The Beacon

Day 14: Preparing for the Plume

Loading gear onto the Latitude. © Oceana/Carlos Suarez

While Oceana’s senior campaign communications manager Dustin Cranor gets a much-deserved break on land, Pacific administrative assistant Will Race will be sending us updates from the boat for the next few weeks. Here’s Will's first post:

Wednesday brought heat, humidity and eight new Oceana staff members, who will take part in a two-week oil plume experiment. Alongside Vice President of Oceana Europe, Xavier Pastor, the experiment will be led by Pacific Director, Susan Murray and Pacific Science Director, Dr. Jeff Short. The team will head out Friday to begin the study.

The Oceana Latitude also had to say goodbye to ROV operator Matthias Gorny and Oceana Pacific office staff Cayleigh Allen. The two embarked on a three day journey to Monterey, California, where they will participate in the Oceana Pacific California Current expedition and use the ROV to document important ecological areas of Monterey Bay.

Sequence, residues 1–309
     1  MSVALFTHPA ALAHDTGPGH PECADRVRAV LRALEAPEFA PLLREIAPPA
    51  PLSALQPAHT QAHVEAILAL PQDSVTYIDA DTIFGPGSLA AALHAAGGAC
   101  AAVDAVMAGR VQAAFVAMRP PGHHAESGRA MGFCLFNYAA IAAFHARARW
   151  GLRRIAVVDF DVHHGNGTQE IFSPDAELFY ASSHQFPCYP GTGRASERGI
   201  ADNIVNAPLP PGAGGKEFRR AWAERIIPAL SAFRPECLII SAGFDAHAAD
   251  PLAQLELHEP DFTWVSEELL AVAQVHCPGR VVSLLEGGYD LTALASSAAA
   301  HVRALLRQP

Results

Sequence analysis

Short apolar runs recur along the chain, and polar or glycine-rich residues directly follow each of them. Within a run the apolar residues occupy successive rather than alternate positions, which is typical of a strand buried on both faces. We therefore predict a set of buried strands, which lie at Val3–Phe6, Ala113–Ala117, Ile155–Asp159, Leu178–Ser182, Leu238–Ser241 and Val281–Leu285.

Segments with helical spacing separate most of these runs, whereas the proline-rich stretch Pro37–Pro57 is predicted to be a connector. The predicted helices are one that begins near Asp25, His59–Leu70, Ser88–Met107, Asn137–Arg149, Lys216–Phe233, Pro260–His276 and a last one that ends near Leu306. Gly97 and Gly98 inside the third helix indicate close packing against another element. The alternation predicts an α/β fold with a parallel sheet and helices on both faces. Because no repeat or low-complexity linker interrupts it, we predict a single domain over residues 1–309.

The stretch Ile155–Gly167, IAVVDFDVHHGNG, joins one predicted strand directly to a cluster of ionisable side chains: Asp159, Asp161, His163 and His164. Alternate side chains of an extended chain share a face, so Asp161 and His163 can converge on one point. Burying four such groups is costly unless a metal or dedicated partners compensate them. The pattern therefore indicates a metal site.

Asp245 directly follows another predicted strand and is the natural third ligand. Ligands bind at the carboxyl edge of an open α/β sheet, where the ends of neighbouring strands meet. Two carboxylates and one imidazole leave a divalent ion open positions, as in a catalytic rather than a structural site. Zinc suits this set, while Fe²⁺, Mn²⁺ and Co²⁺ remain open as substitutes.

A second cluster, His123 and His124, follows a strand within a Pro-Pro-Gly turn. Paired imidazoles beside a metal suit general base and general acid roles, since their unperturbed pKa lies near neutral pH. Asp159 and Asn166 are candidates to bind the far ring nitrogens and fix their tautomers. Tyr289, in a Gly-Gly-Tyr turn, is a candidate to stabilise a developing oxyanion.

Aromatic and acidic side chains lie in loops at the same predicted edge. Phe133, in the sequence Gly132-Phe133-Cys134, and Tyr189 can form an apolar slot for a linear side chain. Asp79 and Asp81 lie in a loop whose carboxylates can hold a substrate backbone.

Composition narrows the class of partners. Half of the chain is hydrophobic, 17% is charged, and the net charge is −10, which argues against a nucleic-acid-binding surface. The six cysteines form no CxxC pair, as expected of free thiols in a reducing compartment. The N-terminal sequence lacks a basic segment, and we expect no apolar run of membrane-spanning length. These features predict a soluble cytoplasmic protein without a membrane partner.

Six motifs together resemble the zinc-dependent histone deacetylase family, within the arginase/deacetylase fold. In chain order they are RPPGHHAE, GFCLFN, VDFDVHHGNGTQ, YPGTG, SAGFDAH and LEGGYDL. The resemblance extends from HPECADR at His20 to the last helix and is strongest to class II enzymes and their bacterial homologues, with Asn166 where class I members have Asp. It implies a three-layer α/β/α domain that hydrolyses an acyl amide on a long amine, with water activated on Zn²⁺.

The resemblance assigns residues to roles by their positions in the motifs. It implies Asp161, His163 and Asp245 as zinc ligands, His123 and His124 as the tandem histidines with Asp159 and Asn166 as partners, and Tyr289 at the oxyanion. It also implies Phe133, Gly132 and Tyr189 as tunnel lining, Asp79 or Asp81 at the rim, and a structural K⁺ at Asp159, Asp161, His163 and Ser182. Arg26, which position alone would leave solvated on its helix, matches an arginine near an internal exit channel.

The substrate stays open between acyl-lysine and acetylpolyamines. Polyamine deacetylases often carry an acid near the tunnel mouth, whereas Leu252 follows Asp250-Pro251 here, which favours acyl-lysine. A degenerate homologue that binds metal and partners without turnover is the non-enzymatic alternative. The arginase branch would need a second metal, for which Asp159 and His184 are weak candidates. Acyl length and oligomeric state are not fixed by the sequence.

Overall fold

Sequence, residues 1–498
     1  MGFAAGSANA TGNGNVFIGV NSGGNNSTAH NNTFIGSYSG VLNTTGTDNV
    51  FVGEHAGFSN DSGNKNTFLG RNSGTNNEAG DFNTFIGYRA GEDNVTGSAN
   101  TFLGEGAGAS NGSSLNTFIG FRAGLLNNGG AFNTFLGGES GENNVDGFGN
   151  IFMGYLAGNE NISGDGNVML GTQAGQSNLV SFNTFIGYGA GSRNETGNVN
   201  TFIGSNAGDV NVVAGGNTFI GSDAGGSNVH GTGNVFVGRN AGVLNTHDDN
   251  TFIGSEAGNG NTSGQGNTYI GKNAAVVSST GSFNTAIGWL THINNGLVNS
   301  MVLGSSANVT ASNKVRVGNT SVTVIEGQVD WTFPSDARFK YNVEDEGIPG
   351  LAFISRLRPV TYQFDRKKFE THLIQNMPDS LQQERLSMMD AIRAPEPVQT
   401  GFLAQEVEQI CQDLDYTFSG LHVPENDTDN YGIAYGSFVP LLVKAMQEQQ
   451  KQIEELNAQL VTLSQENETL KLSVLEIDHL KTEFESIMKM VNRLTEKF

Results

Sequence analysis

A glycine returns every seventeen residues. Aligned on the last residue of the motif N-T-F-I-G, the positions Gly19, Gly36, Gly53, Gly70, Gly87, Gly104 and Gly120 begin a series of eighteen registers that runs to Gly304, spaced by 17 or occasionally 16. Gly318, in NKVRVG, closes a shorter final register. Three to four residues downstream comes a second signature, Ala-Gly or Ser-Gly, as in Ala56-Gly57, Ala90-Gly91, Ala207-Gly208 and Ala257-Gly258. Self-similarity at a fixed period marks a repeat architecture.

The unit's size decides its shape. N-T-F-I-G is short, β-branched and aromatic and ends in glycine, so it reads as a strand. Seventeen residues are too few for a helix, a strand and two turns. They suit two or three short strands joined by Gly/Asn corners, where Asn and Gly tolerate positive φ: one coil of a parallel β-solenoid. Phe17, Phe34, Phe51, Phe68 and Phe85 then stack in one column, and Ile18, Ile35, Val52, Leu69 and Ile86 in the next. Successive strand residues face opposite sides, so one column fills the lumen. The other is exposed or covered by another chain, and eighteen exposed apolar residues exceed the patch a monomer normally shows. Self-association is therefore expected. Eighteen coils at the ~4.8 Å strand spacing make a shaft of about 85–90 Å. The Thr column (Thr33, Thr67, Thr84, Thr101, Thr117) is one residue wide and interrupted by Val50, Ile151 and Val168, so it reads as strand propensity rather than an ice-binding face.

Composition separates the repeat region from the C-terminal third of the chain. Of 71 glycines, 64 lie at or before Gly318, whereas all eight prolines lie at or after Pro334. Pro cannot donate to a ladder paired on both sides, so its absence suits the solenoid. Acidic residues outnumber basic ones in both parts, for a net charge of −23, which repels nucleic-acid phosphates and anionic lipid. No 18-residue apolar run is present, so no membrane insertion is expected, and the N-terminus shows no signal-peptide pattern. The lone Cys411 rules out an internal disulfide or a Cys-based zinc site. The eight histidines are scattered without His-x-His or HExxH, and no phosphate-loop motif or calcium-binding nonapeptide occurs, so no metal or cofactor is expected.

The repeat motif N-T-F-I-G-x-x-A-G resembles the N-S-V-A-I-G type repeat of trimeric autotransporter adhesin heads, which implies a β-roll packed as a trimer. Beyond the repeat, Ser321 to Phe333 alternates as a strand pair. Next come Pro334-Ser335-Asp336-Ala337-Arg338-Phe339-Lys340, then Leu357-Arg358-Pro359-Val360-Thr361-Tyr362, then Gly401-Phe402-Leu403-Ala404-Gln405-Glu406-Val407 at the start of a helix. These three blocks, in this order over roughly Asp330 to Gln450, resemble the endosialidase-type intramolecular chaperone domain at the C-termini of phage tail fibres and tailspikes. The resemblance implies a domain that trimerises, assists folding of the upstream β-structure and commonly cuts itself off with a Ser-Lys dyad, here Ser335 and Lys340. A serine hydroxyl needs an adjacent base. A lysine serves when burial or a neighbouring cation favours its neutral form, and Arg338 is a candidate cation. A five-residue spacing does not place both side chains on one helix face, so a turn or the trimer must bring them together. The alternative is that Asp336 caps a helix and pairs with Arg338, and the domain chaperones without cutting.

Aboard the Oceana Latitude the new team met to familiarize themselves with the boat and discuss the experiment that will be taking place in the days to come. Plans are to document the spatial extent of at least one suspected subsurface plume of oil from the Deepwater Horizon blowout.

Dr. Short is using one of the methods he learned while he was the lead chemist for the Exxon Valdez clean-up. His approach for assessing the spatial extent of subsurface oil involves the deployment of 40 moorings. A surface buoy with a 5/16 inch leaded line will be attached to an anchor on the seafloor. As the line descends there will be one test strip attached at 100 meter intervals. The test strips are specifically designed to absorb hydrocarbons from the oil blow out. 

Over 14,000 pounds (!) of gear has arrived and the moorings are being assembled. Next, the Latitude will set sail for the Deepwater Horizon and the experiment will commence -- stay tuned.

 

 

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